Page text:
Michael Acton Smith becomes the Jony Ive of Mind Candy as he steps down as CEO

The chief executive officer of British developer firm Mind Candy has announced through a YouTube video that he is resigning from his post - but only to tackle a more creative role at the privately-held company.

Michael Acton Smith, called Mr. Moshi by fans, founded Mind Candy 10 years ago. The company's first major title was Perplex City, a mixture of stories, games, and puzzles, though it is also known for a kid-friendly social network called Moshi Monsters that has a 80 million registered users worldwide.

Smith published a YouTube video on Friday to announce he will remain CEO at Mind Candy until a replacement is found. He said the company is looking at external candidates for the job and that he would eventually move to a yet-untitled role managing the creative side of things.

Although Smith admitted companies generally publish press releases to announce such news, he wanted to address the rumours "face to face" through a video. In the nearly four-minute-long clip, he sat on a couch in front of a colourful wall full of Moshi characters, with several notebooks piled next to him.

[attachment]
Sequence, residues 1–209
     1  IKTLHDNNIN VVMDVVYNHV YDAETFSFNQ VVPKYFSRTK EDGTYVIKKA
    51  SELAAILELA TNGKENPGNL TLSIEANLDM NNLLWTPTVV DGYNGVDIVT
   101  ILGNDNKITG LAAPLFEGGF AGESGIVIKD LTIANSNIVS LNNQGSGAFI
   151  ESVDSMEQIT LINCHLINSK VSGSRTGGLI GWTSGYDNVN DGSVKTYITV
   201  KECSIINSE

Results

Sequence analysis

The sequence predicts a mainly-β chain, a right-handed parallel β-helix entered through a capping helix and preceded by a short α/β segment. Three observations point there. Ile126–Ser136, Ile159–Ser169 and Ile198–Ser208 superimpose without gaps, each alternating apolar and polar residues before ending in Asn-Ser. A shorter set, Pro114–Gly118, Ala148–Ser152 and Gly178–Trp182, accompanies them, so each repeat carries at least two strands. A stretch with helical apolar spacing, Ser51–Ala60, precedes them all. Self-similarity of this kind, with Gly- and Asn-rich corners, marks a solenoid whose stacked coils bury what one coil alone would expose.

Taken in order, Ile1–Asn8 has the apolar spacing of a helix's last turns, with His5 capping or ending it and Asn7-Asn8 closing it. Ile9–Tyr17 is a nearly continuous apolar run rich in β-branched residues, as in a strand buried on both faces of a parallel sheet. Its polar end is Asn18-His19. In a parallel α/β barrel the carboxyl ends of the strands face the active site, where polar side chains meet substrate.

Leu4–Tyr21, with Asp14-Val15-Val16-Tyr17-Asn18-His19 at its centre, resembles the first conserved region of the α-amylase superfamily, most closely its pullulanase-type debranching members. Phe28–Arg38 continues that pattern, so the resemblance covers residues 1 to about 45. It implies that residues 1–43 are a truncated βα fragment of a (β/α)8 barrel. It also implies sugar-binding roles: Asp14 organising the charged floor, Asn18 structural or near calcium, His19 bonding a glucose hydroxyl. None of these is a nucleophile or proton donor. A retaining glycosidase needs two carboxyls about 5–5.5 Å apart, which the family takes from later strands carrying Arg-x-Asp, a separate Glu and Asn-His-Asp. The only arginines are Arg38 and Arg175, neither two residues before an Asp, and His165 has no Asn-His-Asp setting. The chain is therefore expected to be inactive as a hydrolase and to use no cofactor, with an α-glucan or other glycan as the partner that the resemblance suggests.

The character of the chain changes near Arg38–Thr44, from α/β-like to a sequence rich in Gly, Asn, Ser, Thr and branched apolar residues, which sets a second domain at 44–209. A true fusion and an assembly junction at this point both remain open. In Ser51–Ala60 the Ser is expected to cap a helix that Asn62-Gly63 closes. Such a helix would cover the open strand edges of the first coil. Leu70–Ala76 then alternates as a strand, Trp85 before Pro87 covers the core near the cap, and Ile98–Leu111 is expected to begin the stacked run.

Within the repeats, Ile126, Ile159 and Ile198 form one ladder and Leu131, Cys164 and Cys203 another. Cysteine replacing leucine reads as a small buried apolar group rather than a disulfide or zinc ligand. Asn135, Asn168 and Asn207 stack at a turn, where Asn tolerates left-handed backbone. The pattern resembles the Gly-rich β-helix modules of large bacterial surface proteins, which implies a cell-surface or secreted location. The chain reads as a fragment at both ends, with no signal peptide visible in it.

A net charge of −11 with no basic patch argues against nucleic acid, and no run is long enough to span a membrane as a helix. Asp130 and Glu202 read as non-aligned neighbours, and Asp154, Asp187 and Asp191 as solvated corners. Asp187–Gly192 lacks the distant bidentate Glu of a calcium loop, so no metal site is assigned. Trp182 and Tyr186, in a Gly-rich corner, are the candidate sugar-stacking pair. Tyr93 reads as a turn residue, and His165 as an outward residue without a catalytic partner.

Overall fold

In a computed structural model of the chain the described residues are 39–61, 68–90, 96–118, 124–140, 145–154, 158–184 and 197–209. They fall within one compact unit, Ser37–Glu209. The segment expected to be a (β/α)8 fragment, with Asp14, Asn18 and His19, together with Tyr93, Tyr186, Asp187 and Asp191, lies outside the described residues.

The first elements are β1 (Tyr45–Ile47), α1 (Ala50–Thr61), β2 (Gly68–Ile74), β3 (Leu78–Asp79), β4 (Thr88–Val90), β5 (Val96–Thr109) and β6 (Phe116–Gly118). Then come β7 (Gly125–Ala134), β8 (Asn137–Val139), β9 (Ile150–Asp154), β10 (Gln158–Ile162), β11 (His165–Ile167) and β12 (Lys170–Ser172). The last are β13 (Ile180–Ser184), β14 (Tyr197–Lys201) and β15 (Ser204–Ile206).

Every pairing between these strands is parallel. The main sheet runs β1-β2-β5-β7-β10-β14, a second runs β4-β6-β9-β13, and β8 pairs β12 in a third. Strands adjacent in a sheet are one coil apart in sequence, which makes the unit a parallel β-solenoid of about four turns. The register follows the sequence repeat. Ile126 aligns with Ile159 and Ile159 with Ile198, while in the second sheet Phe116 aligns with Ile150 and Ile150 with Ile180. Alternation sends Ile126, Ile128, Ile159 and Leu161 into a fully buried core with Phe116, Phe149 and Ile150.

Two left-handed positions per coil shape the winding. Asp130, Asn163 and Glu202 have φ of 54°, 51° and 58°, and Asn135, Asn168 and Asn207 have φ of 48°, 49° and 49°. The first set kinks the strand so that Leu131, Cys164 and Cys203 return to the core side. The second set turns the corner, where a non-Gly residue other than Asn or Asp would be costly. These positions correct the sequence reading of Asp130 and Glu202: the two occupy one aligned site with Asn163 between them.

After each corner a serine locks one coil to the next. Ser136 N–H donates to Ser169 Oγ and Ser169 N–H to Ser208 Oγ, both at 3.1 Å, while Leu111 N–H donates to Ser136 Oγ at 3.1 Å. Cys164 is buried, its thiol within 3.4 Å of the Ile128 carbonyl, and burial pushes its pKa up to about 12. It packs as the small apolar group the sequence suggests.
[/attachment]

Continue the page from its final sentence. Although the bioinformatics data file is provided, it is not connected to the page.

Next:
“I'm self-aware enough to know that I am much better on the creative side of business than the operations side,” he said in the video. “That probably doesn't come to much of a surprise to anyone that has worked with me. I think maybe it's time I move to a more creative role."

"I've been doing a lot of discussions with the board and various folks at Mind Candy, and I'm excited with this change," he added before referring to the notebooks at his side that were “filled with ideas and sketches and scribbles and doodles” for new characters and stories.

Smith spoke directly to the camera and described the shake up as an opportunity for him to evangelise Mind Candy as well as to travel the world, speak at conferences, and start dreaming up new projects.

The Wall Street Journal noted Mind Candy has had trouble finding success in the US and that the company's Moshi Monsters Village, a mobile app that rolled out over the past year, is considered a flop by some.



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